Jules sighed and drummed the handle of the spatula against the counter, staring up at the ceiling. “People are always saying that I’m Tavvy’s brother not his father, but they never seem to realize that I was the one who changed his diapers and bathed him and read him stories and cleaned his scraped knees. I’m the one he screams for when he wakes up in the middle of the night convinced the monsters are going to come back and get him too.”

Julian sighed and looked back down at the counter. “My relationship with Tavvy is different than my relationships with you, Ty and Dru. I do all sorts of parent stuff for you three, but you all remember Mom and Dad and know that this family dynamic is abnormal. I don’t think Tavvy does. To Tavvy, this is normal; this is how family is supposed to work,” he paused and brought his thumb up to his mouth, gripping the stubby nail between his teeth. “When Tavvy’s says ‘Jules,’ he’s literally saying ‘Daddy.’”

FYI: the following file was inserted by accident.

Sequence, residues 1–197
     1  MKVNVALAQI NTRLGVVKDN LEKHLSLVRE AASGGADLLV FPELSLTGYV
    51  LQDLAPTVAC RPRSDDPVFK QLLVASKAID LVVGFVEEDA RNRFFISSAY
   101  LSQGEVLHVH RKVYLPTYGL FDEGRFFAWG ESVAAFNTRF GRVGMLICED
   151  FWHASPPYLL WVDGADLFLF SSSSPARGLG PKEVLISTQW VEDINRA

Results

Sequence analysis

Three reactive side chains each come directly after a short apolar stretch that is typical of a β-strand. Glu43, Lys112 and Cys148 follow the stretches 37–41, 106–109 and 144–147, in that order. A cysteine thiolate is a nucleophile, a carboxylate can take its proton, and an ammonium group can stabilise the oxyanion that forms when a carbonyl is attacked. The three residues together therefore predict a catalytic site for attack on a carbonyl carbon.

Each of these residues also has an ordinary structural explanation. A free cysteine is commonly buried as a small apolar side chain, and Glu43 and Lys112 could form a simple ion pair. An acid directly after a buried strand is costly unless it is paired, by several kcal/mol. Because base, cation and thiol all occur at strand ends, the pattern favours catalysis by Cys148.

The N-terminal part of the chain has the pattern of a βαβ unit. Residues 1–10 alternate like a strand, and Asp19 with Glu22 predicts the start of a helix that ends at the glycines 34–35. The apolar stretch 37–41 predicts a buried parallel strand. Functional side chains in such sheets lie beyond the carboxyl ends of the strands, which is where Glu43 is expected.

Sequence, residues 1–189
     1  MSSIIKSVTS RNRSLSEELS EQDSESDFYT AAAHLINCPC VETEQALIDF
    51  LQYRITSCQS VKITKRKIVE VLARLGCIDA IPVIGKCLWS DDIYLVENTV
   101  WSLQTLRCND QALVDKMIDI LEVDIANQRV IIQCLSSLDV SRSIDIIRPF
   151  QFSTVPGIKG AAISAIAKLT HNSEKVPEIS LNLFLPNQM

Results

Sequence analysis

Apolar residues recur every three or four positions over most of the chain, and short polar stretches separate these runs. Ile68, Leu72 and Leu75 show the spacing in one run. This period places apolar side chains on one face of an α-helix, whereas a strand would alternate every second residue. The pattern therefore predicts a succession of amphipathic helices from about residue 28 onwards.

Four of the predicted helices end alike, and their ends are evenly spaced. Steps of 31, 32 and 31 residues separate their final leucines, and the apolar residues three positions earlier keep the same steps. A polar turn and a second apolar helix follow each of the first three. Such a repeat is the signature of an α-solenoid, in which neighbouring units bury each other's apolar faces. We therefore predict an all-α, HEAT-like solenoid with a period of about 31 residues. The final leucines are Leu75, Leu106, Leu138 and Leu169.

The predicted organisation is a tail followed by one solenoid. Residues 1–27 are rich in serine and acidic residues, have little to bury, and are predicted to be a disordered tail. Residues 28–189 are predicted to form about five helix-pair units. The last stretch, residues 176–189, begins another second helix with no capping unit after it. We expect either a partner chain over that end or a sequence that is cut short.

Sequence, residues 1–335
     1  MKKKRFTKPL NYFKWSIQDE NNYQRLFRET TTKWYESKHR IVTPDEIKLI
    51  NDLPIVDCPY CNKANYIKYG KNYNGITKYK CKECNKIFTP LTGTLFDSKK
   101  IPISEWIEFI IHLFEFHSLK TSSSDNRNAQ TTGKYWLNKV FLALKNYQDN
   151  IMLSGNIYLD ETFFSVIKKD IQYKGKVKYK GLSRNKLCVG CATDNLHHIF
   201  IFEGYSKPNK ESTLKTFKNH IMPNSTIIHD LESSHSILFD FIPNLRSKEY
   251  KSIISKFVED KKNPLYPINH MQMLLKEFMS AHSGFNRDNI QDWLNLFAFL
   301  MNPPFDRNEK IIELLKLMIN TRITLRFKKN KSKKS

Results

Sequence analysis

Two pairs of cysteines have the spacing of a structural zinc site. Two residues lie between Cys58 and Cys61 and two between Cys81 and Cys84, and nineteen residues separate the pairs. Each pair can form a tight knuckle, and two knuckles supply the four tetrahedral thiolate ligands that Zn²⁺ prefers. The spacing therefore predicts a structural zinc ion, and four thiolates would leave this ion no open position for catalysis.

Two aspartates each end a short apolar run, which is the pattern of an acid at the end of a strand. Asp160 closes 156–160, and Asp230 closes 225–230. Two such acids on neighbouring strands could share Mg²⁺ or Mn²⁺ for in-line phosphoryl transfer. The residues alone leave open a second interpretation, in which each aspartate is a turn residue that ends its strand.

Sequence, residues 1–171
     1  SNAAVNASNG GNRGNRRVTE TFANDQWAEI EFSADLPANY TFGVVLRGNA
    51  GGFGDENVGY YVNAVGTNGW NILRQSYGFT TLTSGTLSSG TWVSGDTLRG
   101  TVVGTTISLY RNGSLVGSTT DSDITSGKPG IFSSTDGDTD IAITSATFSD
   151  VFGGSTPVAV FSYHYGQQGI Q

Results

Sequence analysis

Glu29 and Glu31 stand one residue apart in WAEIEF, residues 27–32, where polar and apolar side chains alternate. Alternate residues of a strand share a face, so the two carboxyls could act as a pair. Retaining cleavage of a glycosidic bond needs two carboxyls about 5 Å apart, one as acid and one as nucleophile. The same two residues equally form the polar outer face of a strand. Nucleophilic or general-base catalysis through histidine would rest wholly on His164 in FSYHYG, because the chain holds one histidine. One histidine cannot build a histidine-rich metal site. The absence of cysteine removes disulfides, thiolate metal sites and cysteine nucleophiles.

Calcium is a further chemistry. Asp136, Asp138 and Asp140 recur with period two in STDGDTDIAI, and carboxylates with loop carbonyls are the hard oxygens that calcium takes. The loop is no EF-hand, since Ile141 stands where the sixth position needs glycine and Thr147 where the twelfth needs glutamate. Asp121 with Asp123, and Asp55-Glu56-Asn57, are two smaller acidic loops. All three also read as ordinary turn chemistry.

Livvy just stared at him. Everytime she thought she’d finally grasped exactly how messed up her family was, she was bombarded with more. How much longer would this go on?

They lapsed into silence until footsteps sounded in the hall and came to a stop in the kitchen doorway.

“What are you doing?” Ty asked.

Livvy latched onto the distraction like a liferaft. “Jules is teaching me to make pancakes,” she said turning to face her twin.

Ty’s face lit up. “Cool! Can I flip some, Jules?”

Julian’s face creased in a gentle smile that Livvy had always thought of as a big brother’s smile, but she now realized was probably actually a parent’s smile. “Sure,” he said. “Come over here, Ty.”